Oil analyses are proving so worthy that some car dealers offer the reports to prospective buyers in much the way they offer a free vehicle identification number, or VIN, check to show the used car hasn't been in a serious collision or flood. Some companies provide car inspections for those buying a used car in a private transaction.
An engine oil analysis provides insight on a variety of issues. It can identify contaminants that are leaking into the engine, such as antifreeze or gasoline. It can assess whether the air and oil filters are working properly. And it can determine the small metal particles that have worn off the inside of the engine and whether the levels are above, below or average for the type of engine and mileage.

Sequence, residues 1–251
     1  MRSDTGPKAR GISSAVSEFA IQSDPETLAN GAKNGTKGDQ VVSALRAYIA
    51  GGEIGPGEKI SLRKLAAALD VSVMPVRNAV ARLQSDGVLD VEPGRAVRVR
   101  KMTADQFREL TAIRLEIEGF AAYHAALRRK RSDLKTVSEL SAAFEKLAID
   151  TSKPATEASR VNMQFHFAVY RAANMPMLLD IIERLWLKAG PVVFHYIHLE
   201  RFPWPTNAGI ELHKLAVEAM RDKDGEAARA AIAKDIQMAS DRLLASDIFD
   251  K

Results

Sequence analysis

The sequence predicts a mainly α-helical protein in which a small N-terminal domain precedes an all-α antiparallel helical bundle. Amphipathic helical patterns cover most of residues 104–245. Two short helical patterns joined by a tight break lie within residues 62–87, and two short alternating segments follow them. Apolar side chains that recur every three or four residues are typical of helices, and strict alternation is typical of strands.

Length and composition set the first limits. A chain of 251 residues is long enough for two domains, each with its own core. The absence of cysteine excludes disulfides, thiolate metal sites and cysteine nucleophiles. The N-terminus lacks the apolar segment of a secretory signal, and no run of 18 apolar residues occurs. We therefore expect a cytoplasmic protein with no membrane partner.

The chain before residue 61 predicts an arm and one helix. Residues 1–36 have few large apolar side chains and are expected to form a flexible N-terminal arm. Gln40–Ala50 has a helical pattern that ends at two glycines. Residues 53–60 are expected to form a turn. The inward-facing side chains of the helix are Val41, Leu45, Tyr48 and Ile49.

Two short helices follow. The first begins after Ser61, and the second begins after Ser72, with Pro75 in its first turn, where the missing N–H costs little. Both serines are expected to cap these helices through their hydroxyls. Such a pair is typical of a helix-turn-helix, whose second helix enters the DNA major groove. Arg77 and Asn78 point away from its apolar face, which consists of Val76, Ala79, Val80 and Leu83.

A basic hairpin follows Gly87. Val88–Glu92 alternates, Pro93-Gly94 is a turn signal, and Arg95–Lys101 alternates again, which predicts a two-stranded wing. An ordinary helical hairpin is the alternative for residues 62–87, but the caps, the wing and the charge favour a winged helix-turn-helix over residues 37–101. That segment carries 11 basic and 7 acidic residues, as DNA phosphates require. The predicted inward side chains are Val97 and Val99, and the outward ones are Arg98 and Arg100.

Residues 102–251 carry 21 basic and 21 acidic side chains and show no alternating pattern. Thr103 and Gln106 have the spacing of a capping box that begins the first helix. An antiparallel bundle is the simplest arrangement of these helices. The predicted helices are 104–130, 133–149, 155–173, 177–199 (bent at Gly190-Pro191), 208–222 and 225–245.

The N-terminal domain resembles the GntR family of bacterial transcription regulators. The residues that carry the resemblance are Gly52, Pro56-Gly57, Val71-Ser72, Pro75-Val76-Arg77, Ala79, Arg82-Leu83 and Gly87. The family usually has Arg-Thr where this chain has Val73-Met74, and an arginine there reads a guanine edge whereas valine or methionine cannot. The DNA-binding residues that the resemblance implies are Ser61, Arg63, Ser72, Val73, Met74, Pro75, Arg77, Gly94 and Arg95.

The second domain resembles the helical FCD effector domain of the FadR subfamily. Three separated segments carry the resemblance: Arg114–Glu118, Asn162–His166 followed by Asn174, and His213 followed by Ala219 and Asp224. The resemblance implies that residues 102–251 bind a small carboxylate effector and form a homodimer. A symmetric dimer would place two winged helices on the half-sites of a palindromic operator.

If the dealer doesn't offer this service, or you are buying a used car privately, you can get the oil tested yourself for about $25. Some cities conduct engine oil analyses on city vehicles regularly to help increase the length of time between oil changes and identify potential engine problems before they occur. Call your city offices to see if officials use a local company.
If you're willing to wait a few days before making a final decision to buy a used car, numerous labs can give you the details on an oil sample you send through mail. The LemonAide oil analysis kit from Blackstone Laboratories is one kit specifically designed to give car shoppers quick results. Car shoppers order a kit that comes with a prepaid envelope for $25. There are simple instructions for obtaining and packaging the oil sample, and the lab typically does the analysis the same day it receives the sample. Results are emailed or faxed to the car shopper immediately.
While it may take some extra time to get an oil analysis test completed, going the extra mile can help you determine unseen problems with a used car and potentially save you a costly mistake. If the analysis shows an engine in great condition, you also may be able to save money in the long run by increasing your time between oil changes.
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